Sport - Jason Cowley spots a football dealmaker

Behind every successful footballer lies a good dealmaker

The two major football stories of the close season - the sacking of David O'Leary by Leeds United, and the destructive behaviour of Roy Keane - had something in common. I don't mean the Irishness of the two protagonists. Nor that these two hardened footballers have, in recent times, both become "writers", revealing a flair for candid self-revelation. No, what interests me is that they both share the same lawyer-adviser, an affable but little-known dealmaker called Michael Kennedy.

Kennedy is one of the most intriguing figures in modern football. He isn't an agent, in the modern sense of having a vulgar suntan and a penchant for thick cigars. He does not, I am told, thrive on his 10 per cent cut from transfer fees. Rather, he offers legal expertise and a certain sage guidance. Through his close links with Arsenal and the group of young Irish players who were associated with the club in the mid-to-late 1970s, Kennedy developed a network of contacts in the game, principally with Irish footballers such as Liam Brady and Steve Staunton. His diligence in negotiation has helped Roy Keane become one of the - if not the - highest-paid footballers in Britain, earning an estimated £4-£5m per year at Manchester United. It was Kennedy, too, who moved quickly to negotiate O'Leary's settlement when he was sacked by Leeds.

Kennedy is a season ticket-holder at Arsenal, where he mingles in the executive stand on match days with the likes of the lawyer/comedian Clive Anderson. When I last saw him, on the final day of last season, he was talking about the forthcoming Roy Keane autobiography and the progress of its ghost-writer, Eamon Dunphy.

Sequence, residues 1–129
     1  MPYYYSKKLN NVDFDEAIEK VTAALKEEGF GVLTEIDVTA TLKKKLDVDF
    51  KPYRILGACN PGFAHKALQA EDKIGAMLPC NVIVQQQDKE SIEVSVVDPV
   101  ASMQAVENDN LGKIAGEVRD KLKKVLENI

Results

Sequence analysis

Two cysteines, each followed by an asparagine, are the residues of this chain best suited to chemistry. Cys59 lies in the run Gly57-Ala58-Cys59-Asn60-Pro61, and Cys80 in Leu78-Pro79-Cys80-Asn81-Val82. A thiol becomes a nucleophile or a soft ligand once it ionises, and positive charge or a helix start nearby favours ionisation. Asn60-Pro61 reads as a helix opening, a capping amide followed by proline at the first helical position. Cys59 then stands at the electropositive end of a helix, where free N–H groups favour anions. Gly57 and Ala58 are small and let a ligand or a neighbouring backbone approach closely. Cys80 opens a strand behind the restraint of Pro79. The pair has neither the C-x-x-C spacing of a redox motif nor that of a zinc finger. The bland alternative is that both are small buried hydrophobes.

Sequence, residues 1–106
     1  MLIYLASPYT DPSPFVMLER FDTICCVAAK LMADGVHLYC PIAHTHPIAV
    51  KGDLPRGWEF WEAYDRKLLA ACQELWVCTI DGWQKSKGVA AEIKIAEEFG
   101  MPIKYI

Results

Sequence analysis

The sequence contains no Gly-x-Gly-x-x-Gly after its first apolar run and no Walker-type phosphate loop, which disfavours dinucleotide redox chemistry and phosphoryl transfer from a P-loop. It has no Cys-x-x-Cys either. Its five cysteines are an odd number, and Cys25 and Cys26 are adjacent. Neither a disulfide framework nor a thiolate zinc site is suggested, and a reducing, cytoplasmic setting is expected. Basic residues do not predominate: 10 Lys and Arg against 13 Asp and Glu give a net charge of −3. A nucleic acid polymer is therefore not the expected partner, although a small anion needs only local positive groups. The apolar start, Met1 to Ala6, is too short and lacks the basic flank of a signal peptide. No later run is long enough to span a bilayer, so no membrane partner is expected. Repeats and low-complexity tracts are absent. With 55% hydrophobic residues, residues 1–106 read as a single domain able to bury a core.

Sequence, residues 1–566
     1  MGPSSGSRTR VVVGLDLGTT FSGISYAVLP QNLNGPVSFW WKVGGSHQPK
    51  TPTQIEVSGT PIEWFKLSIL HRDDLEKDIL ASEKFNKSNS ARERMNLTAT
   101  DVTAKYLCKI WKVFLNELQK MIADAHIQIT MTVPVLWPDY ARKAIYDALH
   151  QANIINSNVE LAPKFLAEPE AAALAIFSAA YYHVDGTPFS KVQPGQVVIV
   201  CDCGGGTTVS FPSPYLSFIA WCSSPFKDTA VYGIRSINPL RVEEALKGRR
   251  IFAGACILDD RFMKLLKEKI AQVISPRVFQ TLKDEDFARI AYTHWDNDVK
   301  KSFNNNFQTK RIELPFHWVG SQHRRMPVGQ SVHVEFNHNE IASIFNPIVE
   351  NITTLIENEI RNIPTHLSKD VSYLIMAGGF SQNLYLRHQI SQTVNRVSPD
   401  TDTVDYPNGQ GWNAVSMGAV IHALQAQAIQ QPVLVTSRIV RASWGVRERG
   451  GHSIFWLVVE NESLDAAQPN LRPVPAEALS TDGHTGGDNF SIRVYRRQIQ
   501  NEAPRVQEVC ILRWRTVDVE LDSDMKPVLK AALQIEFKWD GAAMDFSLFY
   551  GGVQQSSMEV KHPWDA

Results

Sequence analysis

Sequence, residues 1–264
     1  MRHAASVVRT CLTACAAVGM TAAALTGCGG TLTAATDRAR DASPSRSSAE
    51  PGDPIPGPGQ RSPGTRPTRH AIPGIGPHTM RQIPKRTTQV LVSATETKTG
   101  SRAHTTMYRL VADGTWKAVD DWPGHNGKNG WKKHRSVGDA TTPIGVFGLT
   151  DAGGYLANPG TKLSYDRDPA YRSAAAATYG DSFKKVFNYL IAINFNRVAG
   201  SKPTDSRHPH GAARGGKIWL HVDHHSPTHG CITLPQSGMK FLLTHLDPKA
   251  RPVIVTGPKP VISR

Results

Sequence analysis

At that time, an autobiography from Keane must have seemed like a good idea, especially as sports books, certainly since the bestselling success of memoirs from Ian Botham, Dickie Bird, Alex Ferguson and Tony Adams, were now something for which publishers scrambled to pay million-pound advances. O'Leary, too, had recently enjoyed a succes de scandale with his account of a period of great trauma at Leeds United - a book given provocative tabloid serialisation at the end of a notorious trial during which the Leeds players Jonathan Woodgate and Lee Bowyer were accused of violence and racism, following an attack on an Asian student outside a nightclub. The book was unwisely titled Leeds United on Trial. O'Leary was accused of seeking to profit from the difficulties of his own club. It has since been suggested that the book contributed to his ultimate downfall.

In his own defence, O'Leary, at the time of publication, expressed surprise at the title of his own book, suggesting that it was something the "publisher slipped in". If that isn't comic enough, Dunphy - a wilful provocateur in Ireland and the author of a fine history of the rock group U2 - has claimed that he, rather than Keane, was to blame for a passage in the autobiography suggesting that Keane's reckless tackle on Manchester City's Alf-Inge Haland was less an accident than an act of revenge. The remark resulted in Manchester City issuing legal proceedings against Keane, who also faces censure from the Football Association.

Everybody knows that footballers are driven by a huge desire for wealth - and candid autobiographies are viewed cynically as just another way to make easy money. But here, we are entering the bush of ghosts, a realm of mystification and evasion, in which spectral figures such as Dunphy emerge from the shadows to claim responsibility for words attributed to someone else. All this could have been avoided if someone had read the finished copies of the Keane and O'Leary manuscripts properly in the first place.